Monday (the 1st)
  • April Fool's Day. I didn't work. I wasn't party to any pranks. My wife, however, got a prank message on her Iphone that we briefly fell for. Someone sent her a message saying they had seen her on Taobao – the popular Chinese Internet shopping site. For about ten minutes, we wondered who had snatched photos of her till we realized it was a joke.
  • I phoned my Mom in the morning to wish her a happy Easter. In Brandon, Manitoba, where she lives, the temperature was minus five and was going to go down another ten degrees over night. With a lot of snow on the ground there as well, there are worries that there will be flooding. There is no way that nature is going to gradually melt the snow. It is all going to melt at once.
  • I have introduced a new character into my blog entries: LECTOR. LECTOR can speak for himself. LECTOR: How do you know I won't speak for my herself? ANDIS: Well. Maybe you will speak for your female self. But you the sort that has thoughts that wouldn't be thought by the fairer sex. LECTOR: How dare you presume I am a gentlemen! ANDIS: Don't be an ass! LECTOR: Don't count on it! ANDIS: I won't!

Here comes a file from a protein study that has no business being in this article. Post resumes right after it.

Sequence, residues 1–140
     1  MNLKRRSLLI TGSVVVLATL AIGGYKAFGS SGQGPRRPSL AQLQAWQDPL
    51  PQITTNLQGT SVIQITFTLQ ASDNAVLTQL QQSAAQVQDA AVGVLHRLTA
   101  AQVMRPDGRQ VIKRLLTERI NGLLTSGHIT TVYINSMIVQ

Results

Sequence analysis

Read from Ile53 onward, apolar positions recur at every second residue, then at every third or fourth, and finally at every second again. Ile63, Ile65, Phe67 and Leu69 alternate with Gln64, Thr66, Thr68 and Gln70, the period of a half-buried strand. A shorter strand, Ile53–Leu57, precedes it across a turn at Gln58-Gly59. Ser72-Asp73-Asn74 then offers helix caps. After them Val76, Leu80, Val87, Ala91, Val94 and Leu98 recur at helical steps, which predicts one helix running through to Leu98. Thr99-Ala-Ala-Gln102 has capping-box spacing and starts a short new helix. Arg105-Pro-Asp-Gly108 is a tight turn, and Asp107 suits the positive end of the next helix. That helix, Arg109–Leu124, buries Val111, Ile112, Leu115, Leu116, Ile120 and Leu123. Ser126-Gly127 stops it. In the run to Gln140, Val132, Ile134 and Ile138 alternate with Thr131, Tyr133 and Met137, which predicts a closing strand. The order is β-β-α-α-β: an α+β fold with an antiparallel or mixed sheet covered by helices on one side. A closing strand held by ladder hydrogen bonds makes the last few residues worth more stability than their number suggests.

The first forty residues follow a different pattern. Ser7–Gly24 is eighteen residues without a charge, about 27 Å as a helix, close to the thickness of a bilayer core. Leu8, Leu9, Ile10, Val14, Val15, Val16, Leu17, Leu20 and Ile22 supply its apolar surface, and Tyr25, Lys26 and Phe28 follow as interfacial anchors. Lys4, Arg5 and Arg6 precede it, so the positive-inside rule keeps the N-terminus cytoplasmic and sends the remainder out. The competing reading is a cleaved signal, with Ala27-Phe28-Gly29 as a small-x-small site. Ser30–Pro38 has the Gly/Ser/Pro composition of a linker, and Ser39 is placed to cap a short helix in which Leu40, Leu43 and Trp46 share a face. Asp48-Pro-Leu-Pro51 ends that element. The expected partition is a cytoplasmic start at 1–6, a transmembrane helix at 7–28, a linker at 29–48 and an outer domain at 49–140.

• Jenny & Andis went downtown so Andis could get his haircut for his passport photo. Here is what he looked like before & after. LECTOR: Why wouldn't anyone want to look at your self-indulgent photos?
  • I watched a documentary about the RFK assassination. It was silly. If it was to be believed, there was a girl in a polka-dot dress who fled the scene of the assassination and told a person as she was fleeing that she and her companion had killed RFK. It also suggested that Sirhan Sirhan may have been a Manchurian candidate who was programmed to kill the presidential candidate Kennedy by the CIA.